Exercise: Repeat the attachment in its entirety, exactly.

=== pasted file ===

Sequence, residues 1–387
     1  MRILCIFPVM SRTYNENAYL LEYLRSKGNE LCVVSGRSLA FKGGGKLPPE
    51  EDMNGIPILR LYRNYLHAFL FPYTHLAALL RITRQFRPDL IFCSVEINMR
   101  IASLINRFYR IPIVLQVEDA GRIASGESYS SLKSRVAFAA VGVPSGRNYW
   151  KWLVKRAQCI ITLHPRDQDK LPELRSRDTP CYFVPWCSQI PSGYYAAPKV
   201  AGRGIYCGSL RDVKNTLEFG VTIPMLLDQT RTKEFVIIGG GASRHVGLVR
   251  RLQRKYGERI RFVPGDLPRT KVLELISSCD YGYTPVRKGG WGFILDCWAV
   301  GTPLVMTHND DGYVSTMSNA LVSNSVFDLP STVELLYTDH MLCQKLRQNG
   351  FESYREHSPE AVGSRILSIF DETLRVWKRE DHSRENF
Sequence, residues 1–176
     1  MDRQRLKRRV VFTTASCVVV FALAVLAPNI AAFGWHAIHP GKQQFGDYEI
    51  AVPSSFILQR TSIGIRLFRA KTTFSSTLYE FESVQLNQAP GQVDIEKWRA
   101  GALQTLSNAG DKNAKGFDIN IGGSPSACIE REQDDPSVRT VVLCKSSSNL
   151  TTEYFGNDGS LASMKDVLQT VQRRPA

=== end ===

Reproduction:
Sequence, residues 1–387
     1  MRILCIFPVM SRTYNENAYL LEYLRSKGNE LCVVSGRSLA FKGGGKLPPE
    51  EDMNGIPILR LYRNYLHAFL FPYTHLAALL RITRQFRPDL IFCSVEINMR
   101  IASLINRFYR IPIVLQVEDA GRIASGESYS SLKSRVAFAA VGVPSGRNYW
   151  KWLVKRAQCI ITLHPRDQDK LPELRSRDTP CYFVPWCSQI PSGYYAAPKV
   201  AGRGIYCGSL RDVKNTLEFG VTIPMLLDQT RTKEFVIIGG GASRHVGLVR
   251  RLQRKYGERI RFVPGDLPRT KVLELISSCD YGYTPVRKGG WGFILDCWAV
   301  GTPLVMTHND DGYVSTMSNA LVSNSVFDLP STVELLYTDH MLCQKLRQNG
   351  FESYREHSPE AVGSRILSIF DETLRVWKRE DHSRENF
Sequence, residues 1–176
     1  MDRQRLKRRV VFTTASCVVV FALAVLAPNI AAFGWHAIHP GKQQFGDYEI
    51  AVPSSFILQR TSIGIRLFRA KTTFSSTLYE FESVQLNQAP GQVDIEKWRA
   101  GALQTLSNAG DKNAKGFDIN IGGSPSACIE REQDDPSVRT VVLCKSSSNL
   151  TTEYFGNDGS LASMKDVLQT VQRRPA